Seattle s downtown business community celebrated Wednesday after the moderate candidates it backed took commanding leads in the races for mayor, city attorney and a key council race over liberals who had called to defund the police.
“This election was a choice: Do you want more performative dysfunction, or candidates who are going to unify people and deliver results,” said Jon Scholes, president of the Downtown Seattle Association.
Tuesday’s election was vastly different from city contests two years ago, when business-backed candidates fared poorly against liberals who argued that huge companies like Amazon had too much sway in the Northwest’s largest city.
It could be days before final margins are known, due to Washington state’s all-mail ballot system. But the strong showing by candidates who objected to the push to radically alter policing buoyed people who felt a different approach to public safety and homelessness was needed.
The results also echoed setbacks for far left candidates elsewhere in the U.S. New York City elected as mayor a former police officer who ran a public safety campaign.
In Seattle, Bruce Harrell, a former City Council president who urged adding police, including unarmed officers, rather than cutting funding, held a commanding lead of nearly 30 percentage points over current Council President Lorena González as additional ballots were counted Wednesday.
The 63-year-old Harrell, who grew up in a redlined Seattle neighborhood, would be the city’s first Asian American and second Black mayor if the results hold.
Amid the racial justice protests that followed George Floyd’s murder by Minneapolis police last year, González embraced calls to cut the Seattle Police Department’s budget in half — a position she has since softened.
First-term Mayor Jenny Durkan did not seek re-election.
Republican Ann Davison was leading police- and jail-abolitionist Nicole Thomas-Kennedy in the race for city attorney — a position that involves prosecuting minor crimes, advising city leaders on legal matters and representing the city in lawsuits.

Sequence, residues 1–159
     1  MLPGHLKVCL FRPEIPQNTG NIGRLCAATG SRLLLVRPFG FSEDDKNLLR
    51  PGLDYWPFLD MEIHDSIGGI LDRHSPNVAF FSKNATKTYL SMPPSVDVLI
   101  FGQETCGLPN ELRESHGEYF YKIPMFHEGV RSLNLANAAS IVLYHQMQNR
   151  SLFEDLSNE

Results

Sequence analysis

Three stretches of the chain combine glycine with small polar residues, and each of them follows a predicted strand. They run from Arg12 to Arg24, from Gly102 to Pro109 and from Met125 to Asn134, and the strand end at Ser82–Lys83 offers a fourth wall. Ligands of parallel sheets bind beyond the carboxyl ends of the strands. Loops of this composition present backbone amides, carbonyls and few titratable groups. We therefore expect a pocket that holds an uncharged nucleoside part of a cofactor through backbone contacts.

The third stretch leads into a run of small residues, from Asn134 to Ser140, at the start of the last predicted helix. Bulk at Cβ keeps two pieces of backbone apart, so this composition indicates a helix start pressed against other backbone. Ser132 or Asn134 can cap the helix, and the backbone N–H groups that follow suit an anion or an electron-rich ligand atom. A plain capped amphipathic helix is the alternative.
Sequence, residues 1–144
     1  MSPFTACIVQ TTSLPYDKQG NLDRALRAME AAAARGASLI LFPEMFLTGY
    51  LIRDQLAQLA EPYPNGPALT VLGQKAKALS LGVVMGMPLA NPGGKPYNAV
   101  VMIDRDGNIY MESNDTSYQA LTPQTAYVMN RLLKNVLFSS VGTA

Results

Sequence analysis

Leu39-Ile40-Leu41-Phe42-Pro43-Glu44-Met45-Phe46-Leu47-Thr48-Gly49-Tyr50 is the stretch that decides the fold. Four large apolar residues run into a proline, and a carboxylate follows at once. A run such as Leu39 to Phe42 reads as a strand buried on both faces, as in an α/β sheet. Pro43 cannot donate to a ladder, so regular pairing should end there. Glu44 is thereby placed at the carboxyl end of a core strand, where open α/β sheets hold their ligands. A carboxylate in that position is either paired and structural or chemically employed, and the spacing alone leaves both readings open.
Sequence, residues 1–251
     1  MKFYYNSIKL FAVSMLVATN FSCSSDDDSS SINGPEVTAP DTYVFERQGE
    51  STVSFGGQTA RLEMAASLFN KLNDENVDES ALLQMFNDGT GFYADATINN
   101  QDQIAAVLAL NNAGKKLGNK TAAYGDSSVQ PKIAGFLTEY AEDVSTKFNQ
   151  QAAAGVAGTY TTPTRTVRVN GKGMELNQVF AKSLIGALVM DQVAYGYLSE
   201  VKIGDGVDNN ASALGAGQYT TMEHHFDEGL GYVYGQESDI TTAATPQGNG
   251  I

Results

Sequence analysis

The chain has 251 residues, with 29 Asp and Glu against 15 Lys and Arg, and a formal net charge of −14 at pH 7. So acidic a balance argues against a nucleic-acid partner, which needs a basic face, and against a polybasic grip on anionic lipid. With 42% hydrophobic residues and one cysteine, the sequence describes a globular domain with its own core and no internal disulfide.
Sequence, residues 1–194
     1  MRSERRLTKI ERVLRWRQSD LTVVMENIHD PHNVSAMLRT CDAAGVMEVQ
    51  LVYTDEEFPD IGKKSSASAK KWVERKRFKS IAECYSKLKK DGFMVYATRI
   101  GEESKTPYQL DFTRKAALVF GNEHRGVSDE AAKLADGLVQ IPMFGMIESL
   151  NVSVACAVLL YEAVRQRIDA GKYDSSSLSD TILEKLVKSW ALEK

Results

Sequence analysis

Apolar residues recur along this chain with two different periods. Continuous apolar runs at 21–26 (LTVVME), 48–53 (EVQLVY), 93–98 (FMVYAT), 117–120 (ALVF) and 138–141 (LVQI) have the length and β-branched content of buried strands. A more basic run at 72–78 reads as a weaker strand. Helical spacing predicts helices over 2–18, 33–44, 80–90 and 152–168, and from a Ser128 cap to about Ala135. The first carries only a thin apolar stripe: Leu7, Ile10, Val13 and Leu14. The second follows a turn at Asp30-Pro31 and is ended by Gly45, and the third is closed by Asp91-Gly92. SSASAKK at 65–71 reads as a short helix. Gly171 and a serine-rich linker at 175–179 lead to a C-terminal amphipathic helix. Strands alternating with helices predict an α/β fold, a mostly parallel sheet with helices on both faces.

While Seattle’s municipal elections are officially nonpartisan, it was notable that a candidate who had identified as a Republican — albeit one who said she voted for Joe Biden, Hillary Clinton and Barack Obama — could prevail in the overwhelmingly Democratic city.
In one of the two City Council races, business-friendly brewery owner Sara Nelson was leading Nikkita Oliver, an attorney and activist who founded an arts-based alternative to jail for young people. In the other, incumbent Teresa Mosqueda, who has strong support from organized labor, appeared to be holding onto her seat despite an unexpectedly strong showing from little-known civil engineer Kenneth Wilson.
Liberal candidates in Seattle tend to gain ground in later vote counts, but the moderate slate holds very strong leads.
This year’s elections have attracted more than $10 million in political contributions, a record for the city.
In the mayor’s race, González had vowed to end sweeps of homeless encampments when residents had few options for where to go, and she said economic recovery should focus on neighborhoods throughout the city, not just downtown.
That offered voters a false choice, Scholes said: It suggested voters were uncompassionate if they believed parks should be accessible to everyone, or if public drug use made them feel unsafe.
“The candidates who did well were the candidates that met people where they were and didn’t shame them,” he said.
Andrew Villeneuve, founder of the Northwest Progressive Institute, a liberal think tank, said he didn’t expect the city to suddenly lurch to the right. But it should wake up the more liberal council members to the reality that they need to listen to all voters, not just activists.
“I think what you’re going to see is the same dynamic that we’ve had: a progressive council pushing a mayor who is a little more business-friendly to do things they might push back on.”
Doug Trumm, executive director of The Urbanist, a progressive website in Seattle, called the results “a setback for a lot of causes,” including fighting climate change and adding housing density.
“It’s easy to talk about clearing encampments,” he said. “It’s hard to get people into housing.”
Associated Press videographer Manuel Valdes contributed.